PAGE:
It was a nightmarish experience. And the feeling is yet to sink in that we have survived. Had the train caught fire following the derailment, there would have been many fatalities.

Having escaped with minor injuries, passengers of the ill-fated Punjab Mail which derailed near Rohtak in Haryana in the early hours of Sunday consider themselves extremely fortunate to have survived to tell the tale.

“It was a nightmarish experience. And the feeling is yet to sink in that we have survived. Had the train caught fire following the derailment, there would have been many fatalities,” said Rakesh Kumar (37), a Bathinda resident, travelling in S-10 coach of the Mumbai-bound Ferozpur-Mumbai Punjab Mail that derailed on the Rohtak-New Delhi section around 4 a.m.

Mr. Kumar was on his way to Delhi along with his wife Manju (34), son Nikhil (14) and daughter Jasmine (16) when the mishap took place. “My daughter is under treatment at a hospital in Delhi for some skin disease and I often accompany her to the Capital. She had an appointment on Sunday and my wife and son also insisted on coming along. Minutes before the derailment my wife had got up to go the washroom and suddenly the train started shaking. Even before we could realise what was happening, our coach derailed and landed on its side. The lights went off and there was dust all around. It took us more than 30 minutes to find our way out of the coach. We lost our luggage as well, but who cares when life itself is at stake?,” said Mr. Kumar.

For a group of half-a-dozen labourers, who were on their way to Vrindavan in Mathura on the auspicious occasion of “Pooranmashi”, it was no less than a re-birth. “We had heard and read about accidents and derailments, but experienced it for the first time. It is as if we are out of the jaws of death,” said Subhash (40), a resident of Nehru Colony in Rohtak, who was travelling in a general coach along with his friends.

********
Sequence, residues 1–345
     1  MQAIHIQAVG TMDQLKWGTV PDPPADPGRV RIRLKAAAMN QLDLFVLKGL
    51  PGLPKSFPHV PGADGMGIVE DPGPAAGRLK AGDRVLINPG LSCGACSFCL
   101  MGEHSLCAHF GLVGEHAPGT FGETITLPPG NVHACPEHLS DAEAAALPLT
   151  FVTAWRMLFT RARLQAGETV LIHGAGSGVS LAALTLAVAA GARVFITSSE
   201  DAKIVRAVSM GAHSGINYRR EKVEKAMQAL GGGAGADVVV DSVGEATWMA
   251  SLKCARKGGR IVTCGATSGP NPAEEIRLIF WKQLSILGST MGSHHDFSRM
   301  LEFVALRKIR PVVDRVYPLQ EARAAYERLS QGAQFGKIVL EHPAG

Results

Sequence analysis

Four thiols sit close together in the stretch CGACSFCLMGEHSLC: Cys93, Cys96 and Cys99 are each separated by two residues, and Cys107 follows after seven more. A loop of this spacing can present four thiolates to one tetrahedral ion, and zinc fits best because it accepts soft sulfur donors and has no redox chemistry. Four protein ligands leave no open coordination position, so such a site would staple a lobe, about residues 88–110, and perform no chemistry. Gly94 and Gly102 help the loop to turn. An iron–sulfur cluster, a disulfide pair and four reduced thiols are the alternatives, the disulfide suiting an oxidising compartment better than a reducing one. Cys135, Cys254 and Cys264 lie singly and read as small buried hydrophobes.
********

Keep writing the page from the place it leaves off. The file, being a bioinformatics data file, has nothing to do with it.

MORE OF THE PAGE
Anil (42), one of the friends of Subhash, said: “We pulled out several people from inside the derailed coaches even before the rescue teams and the police reached. Though it was pitch dark at the site, two policemen in the ladies coach were carrying torches which proved handy.”

A journey to their son's in-laws turned out to be a miserable experience for an elderly couple who along with their son were also injured in the mishap. “We had boarded the train at Kot Kapura for Gwalior in Madhya Pradesh. Suddenly the coach started shaking around 4 a.m. and passengers on the upper and middle berth fell on the floor. We somehow pushed ourselves out of the coach and were later taken to a hospital in Rohtak. Around noon, an ambulance took us to the New Delhi railway station where the station master helped us board another train to Gwalior. We managed to reach Gwalior at 4 p.m. Had the train not met with an accident, we could have reached around 10 a.m.,” Harjinder Singh (58) told The Hindu over phone.

Prem Sagar (63), an Agra resident, was pained more by the “apathetic” attitude of the administration than the injuries he received in the accident. “The treatment meted out to the injured at Rohtak hospital was unacceptable. I had severe pain in the knees and shoulders. When I asked for medicine, the hospital officials told me that it was Sunday and the chemist shop was closed. They asked me buy the medicines from the market outside. They offered me Rs.500 as financial assistance which I turned down. We were then packed into ambulances in groups of 7-8 people and sent to our respective destinations.”

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